MANILA, Philippines – Will the Senate’s top leader mediate to stop the ugly bickering between two of the most senior members of the chamber?
“No comment,” was the only response of Senate President Franklin Drilon to reporters’ questions.
Even before Senator Miriam Defensor Santiago delivered her fiery privilege speech against fierce rival Senate Minority Leader Juan Ponce Enrile, Drilon evaded questions about the controversy that again puts the Senate in a negative light.
In her speech, Santiago called Enrile a “psychopathic hypersexualized serial womanizer,” “the icon of shameless lying,” “incorrigible liar,” “the prince of darkness,” “gambling and smuggling king,” and “the drama king of corrupt politics.”
Santiago spoke in response to Enrile’s privilege speech last week where he called her an “inane, obsessive hater” and “the grandmama of all falsehood fabricators” for naming him the mastermind of the pork barrel scam.
Some senators have been looking to their leader to intervene.
“I think he will be in the best position considering he’s the father, the head of the Senate, and he’s the batchmate of Senator Santiago and also the predecessor of Senator Enrile, so it will be nice if common friends could intervene and patch things up,” Senator JV Ejercito told Rappler before the start of session.
Told about Drilon’s response, Ejercito said, “Probably he just doesn’t want to get caught in the middle of the crossfire, but hopefully after venting out all the ill-feelings against each other, hopefully it might be easier to patch things up.”
Ejercito said Drilon should be able to help them reconcile given his ties with the two senators. Drilon and Santiago are both from Iloilo while he and Enrile have been Senate leaders for years but hail from different parties. Drilon is from the ruling Liberal Party while Enrile is from the opposition United Nationalist Alliance.
Senator Sergio “Serge” Osmena III has the same expectation.
“Always, the Senate President is supposed to keep order and decorum. So if there are comments it’s already ‘out of line,’ there can be motions to strike from the record because it’s offensive. So it is up to the Senate President to exercise his discretion in determining whether something is within bounds or out of bounds. So, we are hopeful that Senator Drilon would be able to do that,” Osmeña told reporters Wednesday morning.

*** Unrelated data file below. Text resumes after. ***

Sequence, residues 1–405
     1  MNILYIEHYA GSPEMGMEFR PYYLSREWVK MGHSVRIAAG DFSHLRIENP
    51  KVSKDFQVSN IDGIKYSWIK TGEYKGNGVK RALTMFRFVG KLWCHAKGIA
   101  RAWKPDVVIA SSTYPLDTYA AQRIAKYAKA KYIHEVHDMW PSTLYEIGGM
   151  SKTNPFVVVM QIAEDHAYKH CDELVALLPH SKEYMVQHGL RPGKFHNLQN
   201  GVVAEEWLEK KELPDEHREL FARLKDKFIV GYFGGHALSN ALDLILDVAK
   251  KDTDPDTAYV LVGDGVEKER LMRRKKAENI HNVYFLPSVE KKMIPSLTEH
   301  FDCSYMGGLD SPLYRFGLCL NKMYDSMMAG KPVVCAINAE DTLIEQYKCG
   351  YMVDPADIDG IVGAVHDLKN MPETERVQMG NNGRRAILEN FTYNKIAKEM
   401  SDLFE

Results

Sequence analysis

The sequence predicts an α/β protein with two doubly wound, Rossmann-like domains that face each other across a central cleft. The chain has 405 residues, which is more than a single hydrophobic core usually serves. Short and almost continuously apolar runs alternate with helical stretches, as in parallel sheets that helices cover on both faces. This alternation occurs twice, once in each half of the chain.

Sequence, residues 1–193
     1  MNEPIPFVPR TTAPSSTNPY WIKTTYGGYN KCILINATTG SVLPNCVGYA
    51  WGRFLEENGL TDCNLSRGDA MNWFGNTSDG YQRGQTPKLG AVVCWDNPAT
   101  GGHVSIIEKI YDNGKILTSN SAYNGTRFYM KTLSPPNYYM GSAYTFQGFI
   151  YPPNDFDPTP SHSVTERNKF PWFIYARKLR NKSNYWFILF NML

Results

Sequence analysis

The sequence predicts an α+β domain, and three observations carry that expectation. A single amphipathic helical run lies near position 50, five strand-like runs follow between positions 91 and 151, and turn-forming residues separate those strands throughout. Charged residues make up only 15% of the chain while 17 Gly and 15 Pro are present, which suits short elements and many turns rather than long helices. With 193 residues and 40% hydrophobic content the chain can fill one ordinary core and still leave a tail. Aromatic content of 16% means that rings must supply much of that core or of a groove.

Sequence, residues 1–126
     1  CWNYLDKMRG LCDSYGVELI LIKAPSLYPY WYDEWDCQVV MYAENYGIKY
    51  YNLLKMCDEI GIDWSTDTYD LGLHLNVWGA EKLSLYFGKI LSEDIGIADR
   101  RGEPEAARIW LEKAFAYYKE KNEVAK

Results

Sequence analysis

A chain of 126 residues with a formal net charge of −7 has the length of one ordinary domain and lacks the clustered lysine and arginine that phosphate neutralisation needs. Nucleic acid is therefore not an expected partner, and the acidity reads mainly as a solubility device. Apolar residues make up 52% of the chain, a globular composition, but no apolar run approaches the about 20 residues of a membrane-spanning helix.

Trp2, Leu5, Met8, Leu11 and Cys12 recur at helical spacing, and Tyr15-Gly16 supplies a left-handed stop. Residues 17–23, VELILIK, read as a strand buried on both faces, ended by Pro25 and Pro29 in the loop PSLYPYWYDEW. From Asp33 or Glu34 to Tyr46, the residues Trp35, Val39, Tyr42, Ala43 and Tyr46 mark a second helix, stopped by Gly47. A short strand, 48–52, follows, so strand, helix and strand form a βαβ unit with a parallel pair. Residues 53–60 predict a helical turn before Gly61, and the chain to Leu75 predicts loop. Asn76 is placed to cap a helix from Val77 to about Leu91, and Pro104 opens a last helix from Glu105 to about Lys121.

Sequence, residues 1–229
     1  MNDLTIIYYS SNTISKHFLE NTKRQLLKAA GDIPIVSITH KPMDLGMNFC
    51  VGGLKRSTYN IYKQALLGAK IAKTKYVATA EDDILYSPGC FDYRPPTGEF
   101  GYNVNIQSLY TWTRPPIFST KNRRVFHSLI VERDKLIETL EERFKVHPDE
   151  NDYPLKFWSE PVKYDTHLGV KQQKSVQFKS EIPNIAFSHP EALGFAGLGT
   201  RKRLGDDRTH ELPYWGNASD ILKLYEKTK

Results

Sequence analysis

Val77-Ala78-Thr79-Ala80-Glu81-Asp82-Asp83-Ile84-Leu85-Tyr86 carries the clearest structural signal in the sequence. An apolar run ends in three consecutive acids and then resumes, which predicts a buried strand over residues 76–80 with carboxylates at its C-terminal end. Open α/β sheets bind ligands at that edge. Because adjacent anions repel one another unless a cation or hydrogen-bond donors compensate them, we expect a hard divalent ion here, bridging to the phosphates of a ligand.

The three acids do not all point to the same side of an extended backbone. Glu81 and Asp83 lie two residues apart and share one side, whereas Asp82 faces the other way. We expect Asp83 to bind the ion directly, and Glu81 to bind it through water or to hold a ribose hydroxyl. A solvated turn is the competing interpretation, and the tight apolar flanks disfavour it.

Yet in both privilege speeches of Santiago and Enrile, Drilon made no such motion.
Asked how Drilon can intervene, Osmeña said, “I don’t know. That is a question you have to ask Senator Drilon.”
Osmeña has also been the subject of Santiago’s ire after he responded to her statement that the testimony of alleged pork barrel scam mastermind Janet Napoles last November 7 would just be a circus.
“Every time she’s here, it’s always a circus anyway,” Osmeña retorted in October.
Senators admit that the catfight between their elders have an impact on them and the institution.
“It will definitely affect the image of the Senate which is still reeling from the PDAF (Priority Development Assistance Fund) scam. We are in the process of rebuilding the image and cleaning the image, so any conflict like this will definitely have a negative effect, I hope it will be the last one. After this, we’ve already moved on,” Ejercito said.
Enrile – along with Senators Jinggoy Estrada and Bong Revilla – is facing plunder complaint for allegedly siphoning off his pork barrel to Napoles’ fake non-governmental organizations in exchange for millions of pesos in kickbacks.
Jinggoy to mediate
In an interview before the start of session, Enrile said none of his colleagues talked to him in a bid for reconciliation.
Asked if he was open to the idea, Enrile joked, “Huwag na, ayoko ng speculation. Maasim ako eh.” (Nevermind, I don’t want to speculate. I am appealing.)
The senator was referring to Santiago’s sarcastic statement that he still has appeal even at the old age of 89.
Enrile’s close ally, Estrada, though said he will try to mend ties between the two soon.
“For the sake of the institution, because the institution will have a negative image. I will give myself by the end of the year, hopefully before Christmas. My self-imposed deadline is before Christmas and hopefully in the spirit of Christmas, they will reconcile, but I will try my very best to patch things up before Christmas,” Estrada said.
Estrada said he will first talk to Santiago because Enrile “is like a father to me.”
“Pareho nating nirerespeto iyan, parehong mas may edad iyan. Pareho ko silang nirerespeto, tinuturing mentor sa Senate. I will try. ‘Di ako susuko hangga’t di sila magkabati. Sana ito na ang huling araw na ito na ang pagtatalunan nila ang di pagkakaunawaan,” he said.
(We respect the both of them, they are already seniors. I look up to the both of them as my mentors in the Senate. I will not give up until they reconcile. I hope this is the last day of their misunderstanding.)
‘Senate is great entertainment’
The two legal luminaries have had a long-running feud, which worsened during the debates on the reproductive health law last year and the Senate fund controversy in December 2012. Santiago had described their relationship as “ice-cold.”
They first had a confrontation during the period of amendments of the reproductive health law.
Enrile had said, “I am a Filipino legislator. I’m not an international legislator…. I am not as brilliant as the others out there.”
Santiago then responded, “I feel alluded to and I resent it!”
Enrile replied, “So be it.”
Commenting on the recent spat, Osmeña said, “Let me say this. The Senate is great entertainment. Nag-e-enjoy lahat kayo. Alam ko ‘yun.” (You are all enjoying. I know it.) – Rappler.com
There are no comments yet. Add your comment to start the conversation.